Normally at least a lower second class honours degree in chemistry (or equivalent from a university outside the UK). Motivated applicants with a degree in other subject areas may be considered for entry. Although the usual route to PhD is by direct entry, it is possible for MSc students to transfer to a PhD.
Months of entry
As a graduate from chemistry or a related discipline, you can use this research degree to train in practical and theoretical research within your specialist area of chemistry with guidance from an experienced researcher.
The main component of this course is a one-year research project. In addition to this, you will also take two taught modules in subjects that complement your project. Taught modules take the form of lectures, while you will receive individual supervision on your research project with regular one-to-one meetings with your supervisor.
A major focus of the course will be on practical methods and in developing and perfecting your research methods and skills. To this end, you will receive hands-on training using instrumentation in our state-of-the-art Chemical Anaylysis Facility, which features NRM, X-ray diffraction, mass spectrometry, thermal analysis, electron microscopy and molecular spectroscopy.
Industrial collaboration is one of our key strengths, and our research groups have worked on projects with a number of major organisations. We therefore have strong links with international companies including AstraZeneca, BP, Cytec, DuPont, GlaxoSmithKline, Henkel, Johnson Matthey, Pfizer, Proctor & Gamble, Syngenta and Unilever.
Our research-active members of academic staff are available to supervise MSc research projects in the following areas:
Chemistry for life and the environment
Research addresses major current challenges in the development of new diagnostic and therapeutic materials for healthcare. Specifically, our cutting-edge research is leading to understanding of protein misfolding diseases such as Alzheimer’s, and developing state-of-the-art analytical techniques to identify cancer biomarkers. In another strand of our work, we aim to improve the understanding of key atmospheric processes that substantially impact on climate change, with specialisations in the areas of ozonolysis of volatile organic compounds and aerosol formation.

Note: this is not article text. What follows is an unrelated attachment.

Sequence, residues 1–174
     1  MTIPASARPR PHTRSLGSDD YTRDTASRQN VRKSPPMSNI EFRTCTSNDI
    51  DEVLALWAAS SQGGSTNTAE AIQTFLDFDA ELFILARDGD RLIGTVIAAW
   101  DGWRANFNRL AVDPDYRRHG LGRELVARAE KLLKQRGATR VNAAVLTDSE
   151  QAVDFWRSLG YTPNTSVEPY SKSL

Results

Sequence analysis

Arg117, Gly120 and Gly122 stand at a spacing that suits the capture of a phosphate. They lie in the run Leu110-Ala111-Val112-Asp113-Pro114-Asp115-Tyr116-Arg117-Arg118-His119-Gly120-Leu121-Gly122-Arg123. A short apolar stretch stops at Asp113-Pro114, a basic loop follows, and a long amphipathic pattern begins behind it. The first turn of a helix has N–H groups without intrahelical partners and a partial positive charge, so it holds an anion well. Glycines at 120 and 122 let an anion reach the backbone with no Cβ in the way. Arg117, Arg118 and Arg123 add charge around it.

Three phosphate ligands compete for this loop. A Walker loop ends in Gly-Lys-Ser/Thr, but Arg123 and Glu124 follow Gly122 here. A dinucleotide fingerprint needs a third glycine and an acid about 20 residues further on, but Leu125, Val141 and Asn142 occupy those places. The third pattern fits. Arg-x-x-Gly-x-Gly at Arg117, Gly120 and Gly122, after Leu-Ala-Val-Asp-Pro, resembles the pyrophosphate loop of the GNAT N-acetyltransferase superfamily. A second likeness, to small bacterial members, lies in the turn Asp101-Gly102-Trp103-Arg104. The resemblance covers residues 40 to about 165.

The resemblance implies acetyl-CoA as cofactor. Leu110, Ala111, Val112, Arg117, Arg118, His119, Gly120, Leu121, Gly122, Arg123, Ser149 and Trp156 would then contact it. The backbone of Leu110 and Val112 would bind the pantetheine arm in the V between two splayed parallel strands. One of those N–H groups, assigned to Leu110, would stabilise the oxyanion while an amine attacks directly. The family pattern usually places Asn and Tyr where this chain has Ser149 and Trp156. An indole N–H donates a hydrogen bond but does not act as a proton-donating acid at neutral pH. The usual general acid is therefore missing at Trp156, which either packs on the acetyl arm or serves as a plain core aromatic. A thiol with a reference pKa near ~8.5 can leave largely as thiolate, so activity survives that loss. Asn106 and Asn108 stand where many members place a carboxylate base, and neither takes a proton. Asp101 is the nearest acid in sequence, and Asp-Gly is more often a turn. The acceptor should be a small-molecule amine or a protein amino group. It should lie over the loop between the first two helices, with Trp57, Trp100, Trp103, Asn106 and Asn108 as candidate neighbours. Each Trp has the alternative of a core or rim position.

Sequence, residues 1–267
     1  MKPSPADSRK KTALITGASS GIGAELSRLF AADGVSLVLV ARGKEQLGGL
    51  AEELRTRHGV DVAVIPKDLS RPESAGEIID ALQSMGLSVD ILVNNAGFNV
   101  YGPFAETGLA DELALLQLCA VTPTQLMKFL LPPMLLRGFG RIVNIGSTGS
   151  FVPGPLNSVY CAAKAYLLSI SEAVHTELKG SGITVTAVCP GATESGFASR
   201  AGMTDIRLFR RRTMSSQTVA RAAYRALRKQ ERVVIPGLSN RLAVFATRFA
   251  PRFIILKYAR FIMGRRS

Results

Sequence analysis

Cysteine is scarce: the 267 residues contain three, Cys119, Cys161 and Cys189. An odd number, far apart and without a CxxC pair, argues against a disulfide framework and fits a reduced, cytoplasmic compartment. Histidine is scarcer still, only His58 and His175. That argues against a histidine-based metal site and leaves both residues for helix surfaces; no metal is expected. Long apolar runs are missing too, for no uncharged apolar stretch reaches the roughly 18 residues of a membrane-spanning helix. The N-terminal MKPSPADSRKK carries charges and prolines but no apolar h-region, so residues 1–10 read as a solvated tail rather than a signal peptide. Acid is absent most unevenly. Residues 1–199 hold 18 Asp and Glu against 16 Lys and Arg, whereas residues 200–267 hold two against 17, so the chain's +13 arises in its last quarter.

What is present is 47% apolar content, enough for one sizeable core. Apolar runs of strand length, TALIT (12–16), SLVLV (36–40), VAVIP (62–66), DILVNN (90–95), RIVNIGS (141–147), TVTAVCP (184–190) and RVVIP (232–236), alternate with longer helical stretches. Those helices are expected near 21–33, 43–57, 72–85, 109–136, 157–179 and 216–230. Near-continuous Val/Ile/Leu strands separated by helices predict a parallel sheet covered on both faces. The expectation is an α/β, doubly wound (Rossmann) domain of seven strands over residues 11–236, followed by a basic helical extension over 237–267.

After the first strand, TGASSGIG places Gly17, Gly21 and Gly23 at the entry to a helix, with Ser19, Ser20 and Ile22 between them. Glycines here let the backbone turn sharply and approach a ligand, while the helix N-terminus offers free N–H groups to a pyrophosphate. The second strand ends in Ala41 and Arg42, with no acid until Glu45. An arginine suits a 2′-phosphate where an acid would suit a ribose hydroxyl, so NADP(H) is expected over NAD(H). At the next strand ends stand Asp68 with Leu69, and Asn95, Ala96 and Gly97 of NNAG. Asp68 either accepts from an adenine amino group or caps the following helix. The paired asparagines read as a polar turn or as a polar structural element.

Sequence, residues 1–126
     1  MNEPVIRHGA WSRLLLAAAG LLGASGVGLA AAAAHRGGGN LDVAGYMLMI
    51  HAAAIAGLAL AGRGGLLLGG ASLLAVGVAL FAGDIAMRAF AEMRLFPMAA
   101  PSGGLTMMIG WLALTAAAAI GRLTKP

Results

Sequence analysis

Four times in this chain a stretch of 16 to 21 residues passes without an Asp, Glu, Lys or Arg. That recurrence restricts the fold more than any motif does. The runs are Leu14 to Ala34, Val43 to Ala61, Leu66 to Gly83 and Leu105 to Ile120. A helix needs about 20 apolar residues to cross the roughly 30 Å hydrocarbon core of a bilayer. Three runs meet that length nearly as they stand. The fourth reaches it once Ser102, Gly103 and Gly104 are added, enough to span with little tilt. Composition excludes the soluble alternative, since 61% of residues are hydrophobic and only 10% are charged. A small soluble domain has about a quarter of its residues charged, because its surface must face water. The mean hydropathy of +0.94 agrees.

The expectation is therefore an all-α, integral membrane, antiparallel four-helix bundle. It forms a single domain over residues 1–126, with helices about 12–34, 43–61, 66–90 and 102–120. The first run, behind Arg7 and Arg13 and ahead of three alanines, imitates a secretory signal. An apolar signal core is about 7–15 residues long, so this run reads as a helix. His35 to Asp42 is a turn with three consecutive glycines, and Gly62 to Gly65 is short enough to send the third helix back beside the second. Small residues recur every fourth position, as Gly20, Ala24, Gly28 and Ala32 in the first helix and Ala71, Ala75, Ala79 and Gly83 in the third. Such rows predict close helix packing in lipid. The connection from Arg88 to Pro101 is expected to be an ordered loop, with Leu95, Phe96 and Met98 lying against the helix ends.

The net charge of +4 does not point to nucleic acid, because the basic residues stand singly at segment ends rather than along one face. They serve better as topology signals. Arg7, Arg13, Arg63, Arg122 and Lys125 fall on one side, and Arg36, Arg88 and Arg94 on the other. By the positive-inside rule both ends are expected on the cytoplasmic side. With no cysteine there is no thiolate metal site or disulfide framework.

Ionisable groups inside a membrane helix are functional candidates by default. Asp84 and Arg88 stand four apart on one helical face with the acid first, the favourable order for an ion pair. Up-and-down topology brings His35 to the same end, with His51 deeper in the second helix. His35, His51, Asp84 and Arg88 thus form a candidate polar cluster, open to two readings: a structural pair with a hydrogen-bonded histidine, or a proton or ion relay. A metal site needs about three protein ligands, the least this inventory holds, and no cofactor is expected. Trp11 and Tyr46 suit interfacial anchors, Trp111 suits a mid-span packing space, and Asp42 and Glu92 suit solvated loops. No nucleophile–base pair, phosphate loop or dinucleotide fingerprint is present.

Research spans the broad areas of polymer chemistry, surface chemistry, computational chemistry and solid-state inorganic chemistry. Fields of particular importance include materials for sustainable energy applications, especially ionic polymer membranes for fuel cells and hydrogen production, and thermoelectric inorganic materials for recovering energy from waste heat. The Materials Chemistry Group is prominent in the development of polymers and nanocomposites that can self-heal in response to mechanical damage, and also in the synthesis and structural analysis of inorganic networks that show negative thermal expansion effects.
Emphasis largely centres on the development of new synthetic methodologies for the synthesis of natural products. However, unnatural products with applications ranging from peptide construction technology to ligands for nuclear waste remediation are becoming increasingly common targets. Techniques such as spectroelectrochemistry, photochemical methodology, or applications of ultra-high pressure chemistry, are central to the work of several groups in the section who rely greatly upon the specialist research equipment available within the Chemical Analysis Facility.
Qualification and course duration
Course contact details
- Global Recruitment Team